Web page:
I live in Los Angeles, California in the historic area called Angelino Heights, which is a neighborhood of Echo Park. It’s about 2 miles north of Downtown. I am Professor of Visual Art and head of the ceramics area at California State University, Northridge where I’ve taught for the last sixteen years.
What do you like most about your job? OR What do you like most about where you live?
The minority population at CSUN constitutes a majority of our 40,000-plus student body, of which 30 percent are first-generation college students. Approximately half of CSUN undergraduates are from low-income families. I love my job because I get to work with one of the most diverse populations in the country and draw from my own experiences as an ethnic minority from a working class family. Living in Los Angeles also allows me to be surrounded by the stimulating and diverse environment that many large urban centers can boast. Aside from the traffic, I feel very lucky.
I was born in Ubon Ratchatani, Thailand. I completed grammar school in Dracut, a small town in Massachusetts. I then finished high school in Kearney, Missouri, a suburb of Kansas City, where my immediate family still lives. With such deep roots there, I’m especially jazzed about NCECA celebrating its 50th Anniversary in one of my hometowns!
What was your childhood nickname?
I was not lucky enough to have a nickname bestowed upon me but my actual name worked well… “Patsy”… I got blamed for everything! I’m named after my father, Patrick.
How did you first find out about NCECA?
When I was an undergraduate at Missouri State University it was just an “automatic” thing to do…follow the poster and the NCECA postings to the other side of the rainbow, or whatever exotic locale NCECA was being held. Of course, because my main cohorts in the studio were going — Gary Wilcox and Nathan Falter, two undergraduate students also studying with Professor Keith Ekstam – there’s no way I could stand by and watch them going without going myself.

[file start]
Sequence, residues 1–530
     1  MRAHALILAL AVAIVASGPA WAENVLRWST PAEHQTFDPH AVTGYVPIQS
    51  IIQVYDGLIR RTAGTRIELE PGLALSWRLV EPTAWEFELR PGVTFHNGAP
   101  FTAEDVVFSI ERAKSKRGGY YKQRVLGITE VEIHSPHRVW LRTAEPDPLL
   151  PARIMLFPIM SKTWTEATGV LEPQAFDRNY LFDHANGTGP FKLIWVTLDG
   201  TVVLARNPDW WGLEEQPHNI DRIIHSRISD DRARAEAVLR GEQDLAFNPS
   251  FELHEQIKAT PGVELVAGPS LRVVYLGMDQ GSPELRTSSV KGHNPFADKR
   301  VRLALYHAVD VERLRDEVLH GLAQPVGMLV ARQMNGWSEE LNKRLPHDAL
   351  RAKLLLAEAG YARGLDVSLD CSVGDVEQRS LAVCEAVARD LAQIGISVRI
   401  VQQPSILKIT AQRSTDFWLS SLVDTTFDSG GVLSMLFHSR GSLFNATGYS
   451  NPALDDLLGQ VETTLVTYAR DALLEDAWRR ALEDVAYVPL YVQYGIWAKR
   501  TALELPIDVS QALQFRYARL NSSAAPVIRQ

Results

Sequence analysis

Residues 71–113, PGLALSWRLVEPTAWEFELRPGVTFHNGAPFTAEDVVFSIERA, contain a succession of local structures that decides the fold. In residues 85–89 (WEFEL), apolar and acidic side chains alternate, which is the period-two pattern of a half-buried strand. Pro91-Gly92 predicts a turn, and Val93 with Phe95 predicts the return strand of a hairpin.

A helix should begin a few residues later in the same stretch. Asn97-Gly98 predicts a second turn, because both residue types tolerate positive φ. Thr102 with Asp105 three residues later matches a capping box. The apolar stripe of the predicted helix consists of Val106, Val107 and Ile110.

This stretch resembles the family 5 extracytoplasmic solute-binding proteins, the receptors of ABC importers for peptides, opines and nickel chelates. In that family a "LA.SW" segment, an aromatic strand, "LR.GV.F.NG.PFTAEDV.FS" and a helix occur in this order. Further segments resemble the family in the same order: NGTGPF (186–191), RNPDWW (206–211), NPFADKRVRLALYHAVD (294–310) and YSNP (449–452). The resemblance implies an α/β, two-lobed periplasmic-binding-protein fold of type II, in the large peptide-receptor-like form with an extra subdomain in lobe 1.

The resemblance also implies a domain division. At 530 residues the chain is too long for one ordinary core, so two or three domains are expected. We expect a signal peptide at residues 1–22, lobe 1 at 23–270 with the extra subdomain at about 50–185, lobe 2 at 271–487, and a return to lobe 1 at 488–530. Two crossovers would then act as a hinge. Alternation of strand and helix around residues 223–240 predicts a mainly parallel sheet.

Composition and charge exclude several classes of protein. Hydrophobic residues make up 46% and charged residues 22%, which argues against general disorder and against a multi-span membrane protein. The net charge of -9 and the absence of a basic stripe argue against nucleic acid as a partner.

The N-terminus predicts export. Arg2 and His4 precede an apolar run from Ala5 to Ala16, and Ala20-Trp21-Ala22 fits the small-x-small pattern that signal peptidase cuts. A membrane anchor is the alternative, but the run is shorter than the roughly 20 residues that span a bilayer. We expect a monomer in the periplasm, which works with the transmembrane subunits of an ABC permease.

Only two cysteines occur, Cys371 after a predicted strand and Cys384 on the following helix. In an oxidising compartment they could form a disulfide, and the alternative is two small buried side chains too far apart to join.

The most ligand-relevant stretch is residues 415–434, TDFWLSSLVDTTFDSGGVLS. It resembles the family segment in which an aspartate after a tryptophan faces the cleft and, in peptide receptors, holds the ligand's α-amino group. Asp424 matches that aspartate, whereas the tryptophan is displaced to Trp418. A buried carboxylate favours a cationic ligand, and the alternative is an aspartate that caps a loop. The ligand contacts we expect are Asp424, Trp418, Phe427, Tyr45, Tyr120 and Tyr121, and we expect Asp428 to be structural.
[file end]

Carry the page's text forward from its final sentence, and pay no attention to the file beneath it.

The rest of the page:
Tell me a story about your first conference (including city and/or year)
My first NCECA was the 1994 conference in New Orleans. I drove down with a couple of friends from Springfield through Austin, TX. With pennies between us, one of the nights we camped on the beach somewhere on the coast before rolling into New Orleans. My car got buried in the sand and we had to replace the rotors on the car before continuing the journey. It was right after Mardi Gras and my friends felt bad for me because as a very young looking, shaved headed, androgynous looking art student, it was difficult to land any beads.
What’s your favorite color?
Gray and grey, I just can’t decide which I like better.
What or who inspired you to get involved more deeply in the organization, and what was your “entry point” to the board.
Paul Wandless is a good friend and a champion of diversity. It was through our conversations and his example and support that I was inspired to run for a Director at Large position in 2003. I used to fancy myself a rabble-rouser back then and decided to put my money where my mouth was, boy was I naive. Working with the board at that time taught me so much.
As Past President, I am in the last remaining months of a presidential cycle that began in 2010. My primarily responsibility is the nominations, awards and fellowship review process as well as helping to organize our Past Masters session.
What’s your favourite thing about being on the board?